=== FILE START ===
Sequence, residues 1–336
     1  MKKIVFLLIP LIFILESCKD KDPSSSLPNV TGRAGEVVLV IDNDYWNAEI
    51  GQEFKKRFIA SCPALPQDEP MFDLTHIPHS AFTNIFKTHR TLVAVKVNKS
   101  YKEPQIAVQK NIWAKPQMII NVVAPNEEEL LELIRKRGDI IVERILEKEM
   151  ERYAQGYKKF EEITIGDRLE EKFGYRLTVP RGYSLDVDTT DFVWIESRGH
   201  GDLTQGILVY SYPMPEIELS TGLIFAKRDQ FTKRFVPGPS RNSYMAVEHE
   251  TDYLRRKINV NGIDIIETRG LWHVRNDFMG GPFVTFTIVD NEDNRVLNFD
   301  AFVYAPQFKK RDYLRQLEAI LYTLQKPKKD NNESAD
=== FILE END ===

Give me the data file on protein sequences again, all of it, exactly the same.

Sequence, residues 1–336
     1  MKKIVFLLIP LIFILESCKD KDPSSSLPNV TGRAGEVVLV IDNDYWNAEI
    51  GQEFKKRFIA SCPALPQDEP MFDLTHIPHS AFTNIFKTHR TLVAVKVNKS
   101  YKEPQIAVQK NIWAKPQMII NVVAPNEEEL LELIRKRGDI IVERILEKEM
   151  ERYAQGYKKF EEITIGDRLE EKFGYRLTVP RGYSLDVDTT DFVWIESRGH
   201  GDLTQGILVY SYPMPEIELS TGLIFAKRDQ FTKRFVPGPS RNSYMAVEHE
   251  TDYLRRKINV NGIDIIETRG LWHVRNDFMG GPFVTFTIVD NEDNRVLNFD
   301  AFVYAPQFKK RDYLRQLEAI LYTLQKPKKD NNESAD